Plaintiff is a forty-eight year old woman with a high school education and prior work experience as a food service worker, a customer service representative, a secretary, and a meat packer. (R. 65, 74, 79.) Plaintiff stopped working in October 1994 when she injured her hands in her job as a meat packer*fn1 (R. 73, 762), and she was thereafter diagnosed with carpal tunnel syndrome (see, e.g., R. 933).*fn2 When two to three years of conservative treatment failed to relieve her pain, plaintiff underwent carpal tunnel release surgery on her right hand in August 1997 (R. 1012-13); however, she continued to experience increasing pain in both hands and wrists and numbness in her fingertips (see, e.g., R. 295, 615-16, 1056-58). Since she stopped working in 1994, plaintiff also has been treated for anxiety and depression relating to her physical problems and inability to work. In February 1999, plaintiff gave birth to a son, after which time she began to experience neck and back pain as well. (R. 291-92, 301; see also R. 100.) Plaintiff currently resides with her husband, son, and mother in her mother's home, to which she relocated because she needed help with household activities. (R. 94.)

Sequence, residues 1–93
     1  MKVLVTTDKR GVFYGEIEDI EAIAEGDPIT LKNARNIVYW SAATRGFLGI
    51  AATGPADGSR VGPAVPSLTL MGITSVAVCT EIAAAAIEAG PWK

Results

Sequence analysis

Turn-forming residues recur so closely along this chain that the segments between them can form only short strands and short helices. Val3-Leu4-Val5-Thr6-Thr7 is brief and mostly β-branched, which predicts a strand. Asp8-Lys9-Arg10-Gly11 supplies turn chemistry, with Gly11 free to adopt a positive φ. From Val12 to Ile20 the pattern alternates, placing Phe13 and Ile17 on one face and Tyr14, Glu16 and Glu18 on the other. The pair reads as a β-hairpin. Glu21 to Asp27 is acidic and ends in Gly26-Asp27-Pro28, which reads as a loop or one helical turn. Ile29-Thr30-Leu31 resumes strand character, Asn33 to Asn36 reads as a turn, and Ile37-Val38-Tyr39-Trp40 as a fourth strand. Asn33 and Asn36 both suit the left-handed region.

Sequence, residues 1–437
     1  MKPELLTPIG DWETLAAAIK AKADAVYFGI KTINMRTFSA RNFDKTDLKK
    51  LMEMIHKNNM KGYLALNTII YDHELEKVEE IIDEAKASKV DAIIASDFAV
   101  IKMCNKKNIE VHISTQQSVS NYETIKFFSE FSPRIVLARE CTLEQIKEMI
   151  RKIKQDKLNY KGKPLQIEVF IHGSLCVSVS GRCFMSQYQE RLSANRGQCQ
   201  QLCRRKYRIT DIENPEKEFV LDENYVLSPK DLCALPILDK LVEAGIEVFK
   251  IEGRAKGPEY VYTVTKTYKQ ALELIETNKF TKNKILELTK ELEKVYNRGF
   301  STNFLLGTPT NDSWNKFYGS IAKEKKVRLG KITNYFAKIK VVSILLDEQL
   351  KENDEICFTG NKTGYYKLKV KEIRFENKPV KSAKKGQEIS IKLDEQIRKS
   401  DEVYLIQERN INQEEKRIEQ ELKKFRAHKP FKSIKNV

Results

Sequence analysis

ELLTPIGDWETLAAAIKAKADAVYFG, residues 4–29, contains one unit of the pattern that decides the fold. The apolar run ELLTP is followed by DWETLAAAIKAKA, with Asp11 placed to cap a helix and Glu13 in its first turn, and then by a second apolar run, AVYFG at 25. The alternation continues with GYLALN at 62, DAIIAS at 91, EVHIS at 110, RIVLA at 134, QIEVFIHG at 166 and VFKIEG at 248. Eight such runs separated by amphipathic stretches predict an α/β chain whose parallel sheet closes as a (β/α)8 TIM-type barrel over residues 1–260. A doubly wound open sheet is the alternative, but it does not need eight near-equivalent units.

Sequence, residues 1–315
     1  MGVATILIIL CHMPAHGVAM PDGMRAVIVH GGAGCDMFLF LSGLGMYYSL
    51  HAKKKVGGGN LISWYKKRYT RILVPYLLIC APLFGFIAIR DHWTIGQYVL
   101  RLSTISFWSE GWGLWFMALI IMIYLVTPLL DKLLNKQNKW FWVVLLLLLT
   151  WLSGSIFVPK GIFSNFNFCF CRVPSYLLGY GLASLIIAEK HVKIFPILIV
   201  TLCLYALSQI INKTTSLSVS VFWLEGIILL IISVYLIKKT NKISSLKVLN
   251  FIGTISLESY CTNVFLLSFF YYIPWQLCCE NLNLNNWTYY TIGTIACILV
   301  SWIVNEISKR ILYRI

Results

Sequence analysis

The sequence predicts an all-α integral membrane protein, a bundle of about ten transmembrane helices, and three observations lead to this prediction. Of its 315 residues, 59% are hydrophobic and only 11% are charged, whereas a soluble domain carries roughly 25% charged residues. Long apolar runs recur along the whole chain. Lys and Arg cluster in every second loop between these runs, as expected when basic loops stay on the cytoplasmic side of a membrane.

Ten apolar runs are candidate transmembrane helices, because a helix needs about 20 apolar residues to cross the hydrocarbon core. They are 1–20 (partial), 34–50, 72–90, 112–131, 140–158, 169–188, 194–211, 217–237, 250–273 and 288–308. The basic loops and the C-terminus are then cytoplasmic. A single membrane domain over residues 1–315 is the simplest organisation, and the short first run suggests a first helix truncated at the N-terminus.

Plaintiff first applied for DIB in July 1997, alleging disability due to carpal tunnel syndrome, stress, and depression with an onset date of October 11, 1994. (R. 700-02; see also R. 745.) That claim was initially denied in March 1998 (R. 683-87), and a hearing was thereafter held before ALJ Javier A. Arrastia in December 1998 (R. 1045-76). ALJ Arrastia issued a written decision denying plaintiff's claim on January 23, 1999. (R. 668-78.) Applying the Social Security Administration's five-step sequential evaluation process for determining whether an individual is disabled, see 20 C.F.R. §§ 404.1520,*fn3 ALJ Arrastia found, based on the medical evidence, that plaintiff suffered from two severe impairments: "bilateral carpal tunnel syndrome with status post carpal tunnel release" and "adjustment disorder with depression." (R. 671, 676.) However, he concluded that these impairments, individually or in combination, did not meet or medically equal a listed impairment; that plaintiff retained the ability to perform a range of light work (albeit less than the full range of such work) despite her impairments; and that there were a significant number of jobs in the national economy that plaintiff could still perform. (R. 676-77.) Plaintiff requested review of ALJ Arrastia's decision (R. 662-64), which request the Appeals Council denied in March 2002 (R. 653-54).